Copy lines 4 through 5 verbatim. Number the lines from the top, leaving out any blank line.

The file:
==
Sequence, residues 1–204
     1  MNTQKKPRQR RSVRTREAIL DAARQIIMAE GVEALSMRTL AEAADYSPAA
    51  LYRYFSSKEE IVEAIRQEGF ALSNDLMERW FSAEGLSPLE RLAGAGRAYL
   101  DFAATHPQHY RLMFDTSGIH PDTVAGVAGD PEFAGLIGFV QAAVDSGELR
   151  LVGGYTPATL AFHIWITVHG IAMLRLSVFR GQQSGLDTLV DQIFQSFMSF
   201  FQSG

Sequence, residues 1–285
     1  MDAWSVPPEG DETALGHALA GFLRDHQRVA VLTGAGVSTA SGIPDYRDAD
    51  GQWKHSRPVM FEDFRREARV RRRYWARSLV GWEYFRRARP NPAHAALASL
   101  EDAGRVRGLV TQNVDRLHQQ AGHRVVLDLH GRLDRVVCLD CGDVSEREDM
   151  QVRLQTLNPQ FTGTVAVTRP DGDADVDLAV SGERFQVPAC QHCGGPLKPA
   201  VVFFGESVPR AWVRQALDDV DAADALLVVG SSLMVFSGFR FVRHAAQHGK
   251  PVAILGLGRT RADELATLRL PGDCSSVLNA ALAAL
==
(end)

   101  DFAATHPQHY RLMFDTSGIH PDTVAGVAGD PEFAGLIGFV QAAVDSGELR
   151  LVGGYTPATL AFHIWITVHG IAMLRLSVFR GQQSGLDTLV DQIFQSFMSF